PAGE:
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Updated guideline on managing adult and juvenile-onset Sjögren disease published by BSR

An expanded guideline providing evidence-based recommendations for the management of adult and juvenile-onset Sjögren disease has been published by the British Society for Rheumatology (BSR).

Updated from the original 2017 version which focused on the systemic effects of the condition, the new guideline provides a framework for healthcare professionals to effectively and proactively manage individuals with Sjögren disease.

Its aim is to standardise care across the UK and enable non-specialist rheumatologists and allied healthcare professionals involved in the treatment of Sjögrens disease to manage patients holistically and in a personalised way.

The guideline working group established a set of 19 key questions around Sjögren disease diagnostics, comorbidities, clinically effective and timely treatments, considerations in pregnancy, non-pharmacological recommendations and tailored long-term follow-up.

They then interrogated the literature to determine the answers, which were then used to develop the recommendations.

For the first time, the guidelines include advice on Sjögren disease in adolescence and recurrent parotitis. They also note medication advancements such as access to ciclosporin for very severe eye dryness from four years of age and evidence around conventional and biologic disease-modifying antirheumatic drugs.

Dr Coziana Ciurtin, consultant in adult and adolescent rheumatology, said: ‘This is a first at an international level – there is no other guideline that looks at Sjögren disease across all ages. We recognise the need to incorporate recommendations for an under-diagnosed disease phenotype that starts in younger patients, who present slightly differently and may have different needs. We aim to support all clinicians and allied health professionals in diagnosing and looking after these younger patients.’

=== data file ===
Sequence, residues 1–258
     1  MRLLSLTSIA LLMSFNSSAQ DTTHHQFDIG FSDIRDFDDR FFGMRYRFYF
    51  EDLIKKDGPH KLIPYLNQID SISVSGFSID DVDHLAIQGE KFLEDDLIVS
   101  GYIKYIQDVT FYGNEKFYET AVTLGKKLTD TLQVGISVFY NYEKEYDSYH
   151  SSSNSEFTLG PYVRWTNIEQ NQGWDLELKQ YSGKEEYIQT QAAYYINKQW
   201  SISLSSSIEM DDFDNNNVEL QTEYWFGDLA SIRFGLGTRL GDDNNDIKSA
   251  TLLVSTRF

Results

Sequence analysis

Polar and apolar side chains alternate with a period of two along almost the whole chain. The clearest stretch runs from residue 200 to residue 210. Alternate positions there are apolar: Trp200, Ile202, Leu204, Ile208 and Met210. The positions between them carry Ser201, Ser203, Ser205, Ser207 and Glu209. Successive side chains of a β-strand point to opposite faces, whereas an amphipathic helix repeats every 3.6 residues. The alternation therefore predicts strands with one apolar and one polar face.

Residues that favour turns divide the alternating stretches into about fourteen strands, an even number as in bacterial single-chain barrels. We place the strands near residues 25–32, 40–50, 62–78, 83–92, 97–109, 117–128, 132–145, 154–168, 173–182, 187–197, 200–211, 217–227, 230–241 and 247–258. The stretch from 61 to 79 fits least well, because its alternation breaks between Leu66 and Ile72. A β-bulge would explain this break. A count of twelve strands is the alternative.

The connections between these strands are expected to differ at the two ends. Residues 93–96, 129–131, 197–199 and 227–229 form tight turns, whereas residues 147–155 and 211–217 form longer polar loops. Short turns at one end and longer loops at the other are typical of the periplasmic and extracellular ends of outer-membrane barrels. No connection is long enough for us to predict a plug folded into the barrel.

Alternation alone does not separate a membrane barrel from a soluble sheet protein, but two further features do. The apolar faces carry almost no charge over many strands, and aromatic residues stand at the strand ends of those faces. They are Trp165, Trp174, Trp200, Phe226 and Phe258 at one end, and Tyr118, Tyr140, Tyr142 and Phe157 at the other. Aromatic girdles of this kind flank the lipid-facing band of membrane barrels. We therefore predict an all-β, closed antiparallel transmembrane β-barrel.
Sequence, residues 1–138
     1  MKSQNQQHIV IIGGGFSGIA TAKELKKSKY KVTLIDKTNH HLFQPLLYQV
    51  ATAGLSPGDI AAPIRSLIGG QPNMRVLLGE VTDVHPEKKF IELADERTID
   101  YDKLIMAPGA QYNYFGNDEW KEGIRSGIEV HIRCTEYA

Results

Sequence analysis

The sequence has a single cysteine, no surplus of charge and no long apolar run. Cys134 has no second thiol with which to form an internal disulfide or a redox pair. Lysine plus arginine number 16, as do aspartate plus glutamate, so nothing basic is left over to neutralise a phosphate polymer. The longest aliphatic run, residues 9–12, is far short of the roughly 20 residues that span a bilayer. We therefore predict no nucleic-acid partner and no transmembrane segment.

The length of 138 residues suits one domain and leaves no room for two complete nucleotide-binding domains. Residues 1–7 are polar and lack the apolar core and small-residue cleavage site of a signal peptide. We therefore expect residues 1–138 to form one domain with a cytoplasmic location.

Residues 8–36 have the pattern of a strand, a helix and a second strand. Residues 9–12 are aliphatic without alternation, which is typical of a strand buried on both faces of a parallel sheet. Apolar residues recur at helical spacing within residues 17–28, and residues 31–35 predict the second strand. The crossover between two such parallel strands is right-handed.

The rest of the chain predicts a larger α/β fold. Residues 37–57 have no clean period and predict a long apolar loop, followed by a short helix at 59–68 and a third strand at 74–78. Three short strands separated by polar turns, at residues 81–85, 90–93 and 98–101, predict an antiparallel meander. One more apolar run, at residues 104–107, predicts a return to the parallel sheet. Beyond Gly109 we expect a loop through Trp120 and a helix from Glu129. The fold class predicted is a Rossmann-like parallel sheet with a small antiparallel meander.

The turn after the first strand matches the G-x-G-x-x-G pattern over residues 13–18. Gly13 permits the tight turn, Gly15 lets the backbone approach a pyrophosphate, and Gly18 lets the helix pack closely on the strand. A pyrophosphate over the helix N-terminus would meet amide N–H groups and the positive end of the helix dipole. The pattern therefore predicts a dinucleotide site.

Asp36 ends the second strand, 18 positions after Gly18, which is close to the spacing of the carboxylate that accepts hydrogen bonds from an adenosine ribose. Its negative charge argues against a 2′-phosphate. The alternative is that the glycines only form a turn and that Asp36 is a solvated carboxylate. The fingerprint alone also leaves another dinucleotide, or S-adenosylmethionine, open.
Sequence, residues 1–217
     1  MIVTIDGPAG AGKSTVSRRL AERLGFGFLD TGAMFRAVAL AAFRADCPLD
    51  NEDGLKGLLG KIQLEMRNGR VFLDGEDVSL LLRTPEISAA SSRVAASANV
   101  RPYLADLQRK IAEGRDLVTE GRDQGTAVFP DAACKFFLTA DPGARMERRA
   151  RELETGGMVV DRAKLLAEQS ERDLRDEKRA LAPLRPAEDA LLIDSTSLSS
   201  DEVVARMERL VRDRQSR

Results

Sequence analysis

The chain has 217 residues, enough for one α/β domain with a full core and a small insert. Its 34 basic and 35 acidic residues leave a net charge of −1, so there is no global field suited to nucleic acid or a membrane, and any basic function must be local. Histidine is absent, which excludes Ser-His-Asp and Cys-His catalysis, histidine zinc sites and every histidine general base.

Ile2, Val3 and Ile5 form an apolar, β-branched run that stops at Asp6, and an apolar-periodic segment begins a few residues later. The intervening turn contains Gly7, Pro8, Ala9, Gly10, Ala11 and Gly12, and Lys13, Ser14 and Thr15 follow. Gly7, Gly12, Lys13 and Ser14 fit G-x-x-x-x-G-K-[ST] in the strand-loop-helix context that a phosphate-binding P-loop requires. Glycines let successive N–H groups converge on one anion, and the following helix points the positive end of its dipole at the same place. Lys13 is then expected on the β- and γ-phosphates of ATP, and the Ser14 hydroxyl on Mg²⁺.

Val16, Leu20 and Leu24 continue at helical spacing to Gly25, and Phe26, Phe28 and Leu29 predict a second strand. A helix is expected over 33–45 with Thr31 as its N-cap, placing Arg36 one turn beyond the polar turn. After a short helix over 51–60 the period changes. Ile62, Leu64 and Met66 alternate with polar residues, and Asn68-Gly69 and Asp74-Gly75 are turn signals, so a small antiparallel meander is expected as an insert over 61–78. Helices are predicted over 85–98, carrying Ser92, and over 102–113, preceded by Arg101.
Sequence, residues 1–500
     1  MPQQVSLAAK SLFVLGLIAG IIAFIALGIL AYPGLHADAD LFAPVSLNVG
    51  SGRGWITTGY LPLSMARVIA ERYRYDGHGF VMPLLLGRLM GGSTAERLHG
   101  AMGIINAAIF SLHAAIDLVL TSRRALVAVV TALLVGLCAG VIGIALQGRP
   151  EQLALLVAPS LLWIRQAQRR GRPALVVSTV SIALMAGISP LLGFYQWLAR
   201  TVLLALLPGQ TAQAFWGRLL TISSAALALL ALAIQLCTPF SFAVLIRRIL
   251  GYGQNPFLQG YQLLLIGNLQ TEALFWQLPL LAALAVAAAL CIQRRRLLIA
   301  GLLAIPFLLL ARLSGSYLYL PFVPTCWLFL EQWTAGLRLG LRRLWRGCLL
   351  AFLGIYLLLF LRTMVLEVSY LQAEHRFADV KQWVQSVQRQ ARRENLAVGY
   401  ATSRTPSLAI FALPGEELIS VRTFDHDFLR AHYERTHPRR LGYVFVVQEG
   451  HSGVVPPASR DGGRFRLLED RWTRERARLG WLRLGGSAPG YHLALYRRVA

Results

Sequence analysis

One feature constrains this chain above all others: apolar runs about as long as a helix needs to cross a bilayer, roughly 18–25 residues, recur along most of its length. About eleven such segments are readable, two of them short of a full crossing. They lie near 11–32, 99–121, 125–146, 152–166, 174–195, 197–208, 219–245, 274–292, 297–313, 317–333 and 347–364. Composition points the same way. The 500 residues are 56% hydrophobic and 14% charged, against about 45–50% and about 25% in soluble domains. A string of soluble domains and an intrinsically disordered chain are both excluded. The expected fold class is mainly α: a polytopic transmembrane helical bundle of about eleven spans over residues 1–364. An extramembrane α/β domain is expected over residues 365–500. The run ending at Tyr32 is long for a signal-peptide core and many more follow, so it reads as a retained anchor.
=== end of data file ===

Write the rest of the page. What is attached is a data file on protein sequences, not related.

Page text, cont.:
Changing the Sjögren disease emphasis

The guideline working group included members from rheumatology, including adult, adolescent and paediatric specialists, alongside a diverse working group consisting of GP, occupational therapy, ophthalmology, renal specialists and experts by experience.

As part of their work, the group took the decision to change the name of the condition from Sjögren syndrome to Sjögren disease. Dr Elizabeth Price, consultant rheumatologist at Great Western Hospital who led the BSR guideline development, said: ‘We had feedback from [European colleagues] and the patients that they preferred the name disease as it changed the emphasis of the condition and there is a move away from eponymous syndromes.’

She added: ‘I think in time we might lose the disease as well and it might just become Sjögren but we felt it was a little bit too early to do that.’

Alongside the full guideline, the working group have produced an easy-access summary sheet, which is free to download, as well as an audit tool that supports clinicians in making a correct diagnosis.

The BSR has recently extended the data capture for the New Early Inflammatory Arthritis Audit to include patients with newly diagnosed connective tissue disorders, including Sjögren’s.

Speaking at a roundtable on the guideline’s publication, Dr Price said: ‘A plea from me: if you can put all your newly diagnosed Sjögren’s patients into the audit, that will help us tremendously. Can I urge you to use the most modern criteria, which are referred to in the guideline as the ACR-EULAR combined 2016 criteria. If you look at the audit tool that goes along with the guideline, the first item in the audit tool is have you met the guidelines and there’s a little tick box for you to do that.’